Ink Problems, Plate Drying Box

I guess this is the week that my beginner’s luck runs out. Remember how I’ve been printing color plates one after another for months, changing colors at whim? Usually, if I switch from a dark color to a light color I only need to pull a couple of prints before the ink left in the grain disappears.

Perhaps it’s because the new press is letting me use higher pressure, maybe it has to do with how I’m cleaning the plates at the end of the day. I don’t really know, but I do know that now there is dark ink besmirching my light-colored prints after many, many passes through the press.

When I’m at the “production” stage with my work, this won’t matter. I’ll carve plates to be inked with a specific color. If I ever need to change colors on a plate, I’ll just make sure to follow the standard reduction printing order, light to dark. But for now I need more flexibility in how I do my experiments.

[Dark grain in light ink]
So I decided to try a new technique for preparing the plates. Instead of painting on the shellac one thin layer at a time, I built a masking tape dam and flooded the plate with shellac. This should allow the shellac to soak deeper into the wood, filling in the air spaces that are currently filling with ink.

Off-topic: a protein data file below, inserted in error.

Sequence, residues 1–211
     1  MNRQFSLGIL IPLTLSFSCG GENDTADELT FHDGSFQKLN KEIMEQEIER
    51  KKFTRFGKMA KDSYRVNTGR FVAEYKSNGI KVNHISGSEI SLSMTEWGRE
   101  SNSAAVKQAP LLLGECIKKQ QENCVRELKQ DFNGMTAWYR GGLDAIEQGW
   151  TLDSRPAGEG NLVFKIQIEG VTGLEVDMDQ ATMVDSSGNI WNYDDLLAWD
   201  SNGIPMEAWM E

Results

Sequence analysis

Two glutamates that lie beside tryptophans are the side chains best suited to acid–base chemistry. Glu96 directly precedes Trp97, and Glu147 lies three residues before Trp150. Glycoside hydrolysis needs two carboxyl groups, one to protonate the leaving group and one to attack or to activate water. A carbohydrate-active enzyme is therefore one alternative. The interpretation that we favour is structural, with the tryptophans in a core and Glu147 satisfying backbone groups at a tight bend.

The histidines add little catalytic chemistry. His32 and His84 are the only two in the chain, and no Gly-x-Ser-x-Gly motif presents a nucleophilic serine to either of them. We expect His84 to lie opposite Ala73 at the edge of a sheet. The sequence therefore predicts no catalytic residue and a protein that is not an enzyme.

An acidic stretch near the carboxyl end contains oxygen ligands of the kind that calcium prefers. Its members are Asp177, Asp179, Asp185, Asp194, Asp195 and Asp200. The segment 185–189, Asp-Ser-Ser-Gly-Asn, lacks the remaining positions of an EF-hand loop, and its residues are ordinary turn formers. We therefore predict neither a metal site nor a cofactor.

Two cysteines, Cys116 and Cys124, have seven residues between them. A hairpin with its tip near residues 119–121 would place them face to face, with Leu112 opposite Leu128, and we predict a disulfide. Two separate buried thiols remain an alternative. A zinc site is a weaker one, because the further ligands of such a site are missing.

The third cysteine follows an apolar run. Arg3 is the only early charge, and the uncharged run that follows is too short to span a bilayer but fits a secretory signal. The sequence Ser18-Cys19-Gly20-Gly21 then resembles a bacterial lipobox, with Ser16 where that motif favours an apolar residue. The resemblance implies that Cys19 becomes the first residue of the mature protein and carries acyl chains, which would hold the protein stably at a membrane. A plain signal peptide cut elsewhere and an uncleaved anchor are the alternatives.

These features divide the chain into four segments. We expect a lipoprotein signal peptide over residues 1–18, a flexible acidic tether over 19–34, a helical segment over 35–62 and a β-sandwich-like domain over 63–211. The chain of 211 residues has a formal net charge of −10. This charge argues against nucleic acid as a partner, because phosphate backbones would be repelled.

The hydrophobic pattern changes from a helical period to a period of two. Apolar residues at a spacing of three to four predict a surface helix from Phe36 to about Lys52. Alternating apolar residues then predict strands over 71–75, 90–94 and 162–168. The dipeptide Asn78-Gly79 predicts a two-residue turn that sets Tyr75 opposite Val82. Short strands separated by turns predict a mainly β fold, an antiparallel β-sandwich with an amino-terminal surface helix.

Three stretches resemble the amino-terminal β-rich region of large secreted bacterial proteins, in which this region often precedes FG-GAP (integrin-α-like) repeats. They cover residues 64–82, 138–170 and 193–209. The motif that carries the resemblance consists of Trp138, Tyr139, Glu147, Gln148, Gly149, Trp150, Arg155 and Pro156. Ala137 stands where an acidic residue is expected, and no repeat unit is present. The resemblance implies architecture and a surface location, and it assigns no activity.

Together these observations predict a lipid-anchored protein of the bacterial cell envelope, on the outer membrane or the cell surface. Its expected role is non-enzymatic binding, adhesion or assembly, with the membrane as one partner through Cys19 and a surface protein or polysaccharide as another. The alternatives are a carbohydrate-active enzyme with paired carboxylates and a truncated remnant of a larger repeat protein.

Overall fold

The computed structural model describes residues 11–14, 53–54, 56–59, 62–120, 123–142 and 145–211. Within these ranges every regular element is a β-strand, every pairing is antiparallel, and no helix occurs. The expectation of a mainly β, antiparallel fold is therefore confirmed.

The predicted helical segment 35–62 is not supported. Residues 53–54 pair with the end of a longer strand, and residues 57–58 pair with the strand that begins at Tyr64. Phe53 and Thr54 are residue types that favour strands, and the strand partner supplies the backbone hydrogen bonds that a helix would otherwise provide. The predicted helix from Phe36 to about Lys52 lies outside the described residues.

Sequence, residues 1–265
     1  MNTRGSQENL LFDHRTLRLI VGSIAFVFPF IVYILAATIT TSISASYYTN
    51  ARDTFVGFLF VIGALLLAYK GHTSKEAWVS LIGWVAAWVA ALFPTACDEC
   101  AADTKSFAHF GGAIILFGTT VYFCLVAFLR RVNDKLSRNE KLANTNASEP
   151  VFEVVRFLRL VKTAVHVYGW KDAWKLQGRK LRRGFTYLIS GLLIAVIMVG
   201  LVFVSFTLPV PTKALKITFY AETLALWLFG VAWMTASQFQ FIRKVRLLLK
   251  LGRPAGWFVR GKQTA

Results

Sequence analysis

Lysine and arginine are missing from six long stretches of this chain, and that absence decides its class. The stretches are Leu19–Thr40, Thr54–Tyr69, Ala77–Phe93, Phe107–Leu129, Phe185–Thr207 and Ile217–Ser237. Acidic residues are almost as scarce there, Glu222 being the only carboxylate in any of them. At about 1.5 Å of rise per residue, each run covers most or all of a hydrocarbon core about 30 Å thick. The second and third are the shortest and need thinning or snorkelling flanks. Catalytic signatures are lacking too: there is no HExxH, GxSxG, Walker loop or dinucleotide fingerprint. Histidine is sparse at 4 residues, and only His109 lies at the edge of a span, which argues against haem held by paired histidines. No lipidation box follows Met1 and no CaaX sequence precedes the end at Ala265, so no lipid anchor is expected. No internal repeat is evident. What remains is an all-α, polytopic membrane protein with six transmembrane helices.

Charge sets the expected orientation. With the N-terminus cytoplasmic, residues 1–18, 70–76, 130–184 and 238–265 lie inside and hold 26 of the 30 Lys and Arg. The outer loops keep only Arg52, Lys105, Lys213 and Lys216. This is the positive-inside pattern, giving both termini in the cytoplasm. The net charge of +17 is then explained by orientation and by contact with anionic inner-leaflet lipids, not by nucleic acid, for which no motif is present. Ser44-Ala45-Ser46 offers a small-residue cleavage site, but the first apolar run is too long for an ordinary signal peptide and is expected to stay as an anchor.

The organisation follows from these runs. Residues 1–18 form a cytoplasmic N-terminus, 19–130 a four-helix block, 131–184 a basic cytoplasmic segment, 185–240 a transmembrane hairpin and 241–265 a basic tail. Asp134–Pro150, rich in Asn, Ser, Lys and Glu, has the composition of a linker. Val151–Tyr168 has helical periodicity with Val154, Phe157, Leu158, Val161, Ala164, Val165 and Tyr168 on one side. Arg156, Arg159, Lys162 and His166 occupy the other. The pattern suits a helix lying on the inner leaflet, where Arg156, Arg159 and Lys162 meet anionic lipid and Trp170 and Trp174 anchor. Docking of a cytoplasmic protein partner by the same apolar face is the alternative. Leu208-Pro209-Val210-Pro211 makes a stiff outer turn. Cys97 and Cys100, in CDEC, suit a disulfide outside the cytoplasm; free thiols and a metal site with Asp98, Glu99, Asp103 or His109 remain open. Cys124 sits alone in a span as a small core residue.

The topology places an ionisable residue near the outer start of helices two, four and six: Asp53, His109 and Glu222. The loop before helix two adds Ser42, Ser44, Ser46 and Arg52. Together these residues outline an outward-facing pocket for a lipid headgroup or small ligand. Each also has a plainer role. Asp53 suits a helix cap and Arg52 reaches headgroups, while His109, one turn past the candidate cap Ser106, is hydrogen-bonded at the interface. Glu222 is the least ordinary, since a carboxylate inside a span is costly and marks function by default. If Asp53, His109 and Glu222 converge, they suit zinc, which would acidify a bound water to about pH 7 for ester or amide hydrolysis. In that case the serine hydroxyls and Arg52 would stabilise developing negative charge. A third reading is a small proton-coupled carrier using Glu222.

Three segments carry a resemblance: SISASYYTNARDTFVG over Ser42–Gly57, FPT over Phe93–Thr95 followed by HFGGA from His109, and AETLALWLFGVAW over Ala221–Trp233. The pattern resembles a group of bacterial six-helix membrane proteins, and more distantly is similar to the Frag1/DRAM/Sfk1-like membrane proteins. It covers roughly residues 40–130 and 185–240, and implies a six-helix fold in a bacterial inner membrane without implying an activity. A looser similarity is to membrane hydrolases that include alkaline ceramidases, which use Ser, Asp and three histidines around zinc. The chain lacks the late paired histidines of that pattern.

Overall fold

[Plate flooded with shellac]
One of the problems with this, though, is that thick shellac dries very slowly. Warmth is the one thing that I’ve found to help speed it up. You know how we’re going to be opening a co-op gallery space here? Well, last year I bought a glass display case from a business across the street when they shut down.

To make a “warm box”, I wrapped that case in sleeping bags and put a low-wattage light bulb in one end of it. On the other end I installed the glass shelves to hold my wet plates.

[Shellac incubator]
It doesn’t get very warm in there, certainly not warm enough to be dangerous. But even 10-20 degrees seems to have done the trick. Overnight, the thick layer of shellac hardened completely so I could sand it down.

The next thing I’m going to try is running the plates through the press with a heavy layer of transparent ink base under high pressure. That way, if the ink gets squeezed deep into the pores of the wood, it will be a colorless ink that gets trapped. Once it hardens in there, there should be no possibility for dark ink to find its way in, right?

Fingers crossed!